do not understand their explanations, along with how to react when they act up
or misbehave, among various other awkward situations. The solution to these
unavoidable circumstances perhaps could be found in a high-quality training
course given by a cream of the crop educational institution.
However, after an uncertain period of time, the
feeling surfaces over again. Once more, they may experience a strong sensation
of shortage of strategies to deal with the new classes and groups of students. Probably
then, they realize they need to improve their methods, techniques and so on.
Hopefully, this constant change of necessity could be
compared with the types of needs in Maslow´s theory (1). According to this,
needs are arranged in a hierarchical order which goes from the most basic
(deficiency needs) to the highest ones (growth needs). The next level of
necessity appears when the previous level has been satisfied.
Then, educators look for new methods to teach, in
accordance to the expertise gained in the number of years they have spent at
work as teachers, plus their studies and knowledge acquired in one way or
another. If he is an apprentice instructor, he will search for the basics; for
example, how to transmit some knowledge (“the child”). If he has more experience,
he will try to improve his teaching methods (“the adolescent”). A few years
later, he will try to support his practice with theory (“the young adult”).
Later, he will easily find ways of applying the theory in different conditions
(“the middle-aged”). Finally, the highest category will be the self-provider of
knowledge who does research and who very likely creates new knowledge for
himself and others (“the mature adult”).
How can we go from covering survival needs to
producing new knowledge?
Picture this scene: You have been given a new computer
with the latest programs. You feel extremely enthusiastic with your brand new
tool precisely because it is innovative. However, the true is that the only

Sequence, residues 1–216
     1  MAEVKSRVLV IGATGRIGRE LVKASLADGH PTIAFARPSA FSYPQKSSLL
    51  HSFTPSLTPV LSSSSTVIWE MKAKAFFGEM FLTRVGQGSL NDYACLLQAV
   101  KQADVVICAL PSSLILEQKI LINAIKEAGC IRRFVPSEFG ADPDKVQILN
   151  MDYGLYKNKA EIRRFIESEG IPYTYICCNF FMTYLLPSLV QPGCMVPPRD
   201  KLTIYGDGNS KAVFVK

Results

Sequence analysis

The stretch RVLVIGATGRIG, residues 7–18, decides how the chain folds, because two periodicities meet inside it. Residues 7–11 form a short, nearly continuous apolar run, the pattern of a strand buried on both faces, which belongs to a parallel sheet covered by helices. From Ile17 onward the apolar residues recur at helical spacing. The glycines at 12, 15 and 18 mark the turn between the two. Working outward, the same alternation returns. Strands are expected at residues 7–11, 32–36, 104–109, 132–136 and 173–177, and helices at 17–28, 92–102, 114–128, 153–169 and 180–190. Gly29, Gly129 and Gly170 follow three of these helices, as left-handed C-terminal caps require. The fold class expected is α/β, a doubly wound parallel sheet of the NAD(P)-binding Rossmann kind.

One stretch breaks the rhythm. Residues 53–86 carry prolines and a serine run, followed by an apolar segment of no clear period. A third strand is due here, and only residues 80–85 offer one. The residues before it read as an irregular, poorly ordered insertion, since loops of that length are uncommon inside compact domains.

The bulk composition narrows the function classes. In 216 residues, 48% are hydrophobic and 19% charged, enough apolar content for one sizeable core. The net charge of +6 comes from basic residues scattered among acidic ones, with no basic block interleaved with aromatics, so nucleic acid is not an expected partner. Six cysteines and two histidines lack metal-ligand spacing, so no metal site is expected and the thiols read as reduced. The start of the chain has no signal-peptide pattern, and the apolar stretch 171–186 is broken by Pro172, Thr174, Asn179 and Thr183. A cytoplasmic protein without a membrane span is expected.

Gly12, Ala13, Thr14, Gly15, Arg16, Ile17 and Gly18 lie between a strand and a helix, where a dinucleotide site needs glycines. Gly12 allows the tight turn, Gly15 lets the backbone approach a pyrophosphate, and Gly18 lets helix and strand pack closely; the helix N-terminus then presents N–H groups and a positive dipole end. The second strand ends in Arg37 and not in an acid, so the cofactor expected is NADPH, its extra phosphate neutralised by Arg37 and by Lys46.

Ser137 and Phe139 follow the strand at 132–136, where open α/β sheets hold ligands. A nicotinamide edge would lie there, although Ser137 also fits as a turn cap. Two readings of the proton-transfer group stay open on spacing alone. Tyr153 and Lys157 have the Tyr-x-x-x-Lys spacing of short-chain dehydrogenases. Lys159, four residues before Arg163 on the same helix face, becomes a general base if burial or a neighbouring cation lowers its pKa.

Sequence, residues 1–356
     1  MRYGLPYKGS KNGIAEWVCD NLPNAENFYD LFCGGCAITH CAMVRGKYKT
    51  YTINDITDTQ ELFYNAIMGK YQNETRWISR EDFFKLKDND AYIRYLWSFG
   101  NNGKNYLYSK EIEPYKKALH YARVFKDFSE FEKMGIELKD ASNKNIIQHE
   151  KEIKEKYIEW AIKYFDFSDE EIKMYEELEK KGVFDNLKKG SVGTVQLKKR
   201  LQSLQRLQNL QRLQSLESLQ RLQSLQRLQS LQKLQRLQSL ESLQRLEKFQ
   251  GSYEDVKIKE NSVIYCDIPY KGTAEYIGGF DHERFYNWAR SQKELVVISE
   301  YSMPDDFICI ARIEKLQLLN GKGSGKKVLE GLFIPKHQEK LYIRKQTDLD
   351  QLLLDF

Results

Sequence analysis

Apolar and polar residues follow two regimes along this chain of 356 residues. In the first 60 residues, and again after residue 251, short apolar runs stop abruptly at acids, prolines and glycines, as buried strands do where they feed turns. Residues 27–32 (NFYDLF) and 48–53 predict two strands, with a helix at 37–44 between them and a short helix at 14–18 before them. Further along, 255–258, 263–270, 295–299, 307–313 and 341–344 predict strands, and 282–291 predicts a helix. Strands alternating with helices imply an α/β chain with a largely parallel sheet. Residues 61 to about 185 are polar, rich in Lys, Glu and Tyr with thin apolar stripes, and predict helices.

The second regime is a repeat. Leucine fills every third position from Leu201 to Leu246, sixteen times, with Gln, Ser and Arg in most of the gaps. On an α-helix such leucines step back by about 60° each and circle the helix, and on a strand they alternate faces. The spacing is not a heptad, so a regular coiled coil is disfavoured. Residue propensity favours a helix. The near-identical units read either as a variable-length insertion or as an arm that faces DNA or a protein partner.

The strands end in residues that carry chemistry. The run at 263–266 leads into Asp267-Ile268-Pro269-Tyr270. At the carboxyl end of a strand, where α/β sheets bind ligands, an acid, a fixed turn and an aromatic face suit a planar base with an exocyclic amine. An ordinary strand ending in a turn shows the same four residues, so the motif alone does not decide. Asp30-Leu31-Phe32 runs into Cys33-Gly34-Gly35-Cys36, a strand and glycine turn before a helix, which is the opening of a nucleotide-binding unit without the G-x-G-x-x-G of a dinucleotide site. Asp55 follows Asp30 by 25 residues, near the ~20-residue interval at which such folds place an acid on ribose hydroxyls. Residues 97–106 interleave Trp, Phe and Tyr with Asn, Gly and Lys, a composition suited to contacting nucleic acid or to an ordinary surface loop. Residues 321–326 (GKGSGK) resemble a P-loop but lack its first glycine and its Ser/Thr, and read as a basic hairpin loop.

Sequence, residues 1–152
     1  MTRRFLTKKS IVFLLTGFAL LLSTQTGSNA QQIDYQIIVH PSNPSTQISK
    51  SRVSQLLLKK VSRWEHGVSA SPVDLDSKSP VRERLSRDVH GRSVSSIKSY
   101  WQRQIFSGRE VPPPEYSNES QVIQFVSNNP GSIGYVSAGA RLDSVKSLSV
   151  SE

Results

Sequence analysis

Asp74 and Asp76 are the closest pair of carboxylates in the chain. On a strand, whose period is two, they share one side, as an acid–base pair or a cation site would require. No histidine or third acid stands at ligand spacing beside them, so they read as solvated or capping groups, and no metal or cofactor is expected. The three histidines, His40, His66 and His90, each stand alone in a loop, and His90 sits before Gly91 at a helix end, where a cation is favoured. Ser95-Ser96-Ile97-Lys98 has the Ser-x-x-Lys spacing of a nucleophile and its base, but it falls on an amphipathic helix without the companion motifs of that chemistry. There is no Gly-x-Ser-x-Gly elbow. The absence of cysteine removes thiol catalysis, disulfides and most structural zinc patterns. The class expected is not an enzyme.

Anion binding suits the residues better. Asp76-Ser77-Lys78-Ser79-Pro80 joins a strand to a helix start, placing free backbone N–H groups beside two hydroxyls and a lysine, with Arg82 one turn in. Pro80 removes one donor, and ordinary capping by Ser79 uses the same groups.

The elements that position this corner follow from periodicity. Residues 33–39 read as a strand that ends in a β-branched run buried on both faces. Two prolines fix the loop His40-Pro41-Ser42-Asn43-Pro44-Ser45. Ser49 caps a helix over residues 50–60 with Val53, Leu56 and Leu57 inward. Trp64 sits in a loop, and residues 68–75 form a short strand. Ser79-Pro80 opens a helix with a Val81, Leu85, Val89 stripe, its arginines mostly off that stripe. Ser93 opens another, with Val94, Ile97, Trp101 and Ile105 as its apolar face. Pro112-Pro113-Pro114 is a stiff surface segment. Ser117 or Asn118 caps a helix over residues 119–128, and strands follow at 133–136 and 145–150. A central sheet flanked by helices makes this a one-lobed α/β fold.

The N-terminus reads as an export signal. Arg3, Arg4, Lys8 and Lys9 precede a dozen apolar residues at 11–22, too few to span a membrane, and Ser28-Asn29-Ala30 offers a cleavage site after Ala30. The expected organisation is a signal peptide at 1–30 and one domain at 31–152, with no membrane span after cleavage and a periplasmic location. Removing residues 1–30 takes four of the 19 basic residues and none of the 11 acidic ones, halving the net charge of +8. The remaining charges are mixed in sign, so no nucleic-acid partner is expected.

program you know is Word, so you can only use your PC to write letters or draw different
types of documents. Since you do not know how to use other programs, you are
deprived of the possibilities to exploit the potential your computer holds.
Let’s imagine you are looking for formulas to teach
the four skills, for instance. You go to different training courses, seminars,
lectures and so on, but you are still trying to learn a novel touch to use the “Word”
program. Thus, you end up saying: “there´s nothing different; it is always the
same things”. It would be valid to say that one must be creative and curious
and avoid looking for the same program; the same ready-to-use program. Instead,
one must try to exploit the potential of those training courses and eventually
become self-providers of knowledge. It might be time to little by little change
into a “mature adult”.
It would be good to ask ourselves
the following questions:
Do I teach the same way I used to
teach a year ago?
How much of what I am using in my
classes is MY OWN STUFF?
Am I still trying to learn what a
novice teacher (the child) will?
(1) McLeod, S. A. (2016). Maslow's Hierarchy of Needs.
M.A. in Cognition,
Learning and Development from PUCP, B.A. in Education with a major in
English Teaching. Ms. Vila is currently Pedagogic Advisor and Member of the
Research Team at Centro de Idiomas de la Universidad del Pacífico and Academic
Director of International Contacts (test training & foreign applications
advisory). She is official Examiner for several University of Cambridge tests,
freelance consultant with Universidad ESAN, experienced speaker on diverse
English teaching issues for prestigious institutions, and senior international
examinations trainer (GMAT, GRE, TOEFL).